As someone who has battled her own confidence issues, Alisha says she’s more "sensitive" to making students feel at ease. That could mean dimming the lights, repeating moves until they stick, being approachable, making herself available after class for questions and friendly banter, and generally ensuring that "I’m not put on a pedestal because I’m a teacher and you’re a student – we’re all the same."
Jess, meanwhile, swears by keeping her classes light, fun and open to self-expression.
"I always say to my students, dance is good for your soul," the dancehall specialist says. "It’s more than just thinking about a workout; it’s something that’s really good for you inside."
For Windy, the simplest turn of phrase can help students push past their self-doubt.
"I tell them, 'Don’t say you’re not good at it – say you’re just not that good at it right now, but you’re getting better'," she explains.
It’s paid off. Each instructor has drawn inspiration from her students, whether it’s seeing someone go from pure nerves in class one to begging for a solo by class five, or appreciating the commitment it takes to be open to new experiences and skills.
"It’s me teaching them, but at the same time I’m learning from them," says Jess. "We get inspired by them because they’re strong women, often with important jobs, and they are coming here no matter what. They just want to dance and have fun. It’s so important to try to learn something new."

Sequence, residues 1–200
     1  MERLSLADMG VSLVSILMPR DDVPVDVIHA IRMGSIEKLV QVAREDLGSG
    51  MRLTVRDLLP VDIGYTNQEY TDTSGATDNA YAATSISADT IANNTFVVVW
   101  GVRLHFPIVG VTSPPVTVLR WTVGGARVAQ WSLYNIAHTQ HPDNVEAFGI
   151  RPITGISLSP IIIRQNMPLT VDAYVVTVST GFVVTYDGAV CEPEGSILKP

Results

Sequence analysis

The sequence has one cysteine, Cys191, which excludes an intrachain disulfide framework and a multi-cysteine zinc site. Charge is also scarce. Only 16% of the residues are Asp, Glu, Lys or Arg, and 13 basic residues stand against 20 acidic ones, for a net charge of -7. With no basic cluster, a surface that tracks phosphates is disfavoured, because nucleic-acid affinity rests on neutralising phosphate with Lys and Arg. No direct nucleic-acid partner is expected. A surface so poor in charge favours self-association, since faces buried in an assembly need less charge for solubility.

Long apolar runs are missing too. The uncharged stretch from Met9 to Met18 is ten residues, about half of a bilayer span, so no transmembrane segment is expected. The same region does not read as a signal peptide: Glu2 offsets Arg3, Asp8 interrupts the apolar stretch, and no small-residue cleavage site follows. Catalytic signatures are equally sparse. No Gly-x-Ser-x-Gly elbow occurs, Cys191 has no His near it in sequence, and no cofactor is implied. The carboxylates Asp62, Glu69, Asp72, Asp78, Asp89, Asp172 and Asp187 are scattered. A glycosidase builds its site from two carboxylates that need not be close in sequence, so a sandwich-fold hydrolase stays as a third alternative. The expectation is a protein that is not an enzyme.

And what would dance be without a power anthem and a killer outfit? Alisha currently has Tinashe's "Me So Bad" on repeat, and calls her go-to look of jogging bottoms paired with a baggy T-shirt tucked into her sports bra at the back "sexy but also groovy and cool". A sucker for Cardi B and Rihanna, Windy likes sports bras that show off her musculature – and Jess can relate.
"I always wear leggings, PUMA trainers and a crop top," says Jess, who has a soft spot for Beyoncé’s "Single Ladies". "Always crop tops. When you are teaching with the mirror in front of you, the students need to see how our bodies are moving. It's better to have something that is showing your body. But I also think that my body is made to wear crop tops all the time [laughs]."
What does the future hold, beyond continuing to empower dance novices at AYB? Alisha’s "ultimate goal" is to go on a major arena tour. Windy is inspired by the career of New Zealand-born dancer and choreographer Parris Goebel, who has balanced high-profile projects like Ciara’s "Level Up" video with charity work. And for Jess…who knows?
"To be honest, with the experience that I’ve been having in London – especially since I joined At Your Beat – I cannot ask for more," she says. "When you have a role that inspires other people, you cannot be, 'Okay, I've done this, I did that'. I’m teaching at the best studio in London. I do videos. Two months ago I choreographed a video for the World Cup with Will Smith – which I would never dream about because I wouldn’t even think [it was possible].
"That’s why I’m not really planning. Of course I would love to go on tour with Beyoncé, but you never know in life. Maybe something even better than your dream can happen. There is always something bigger coming. Life is always giving you opportunities – just stay positive, stay real, and work hard."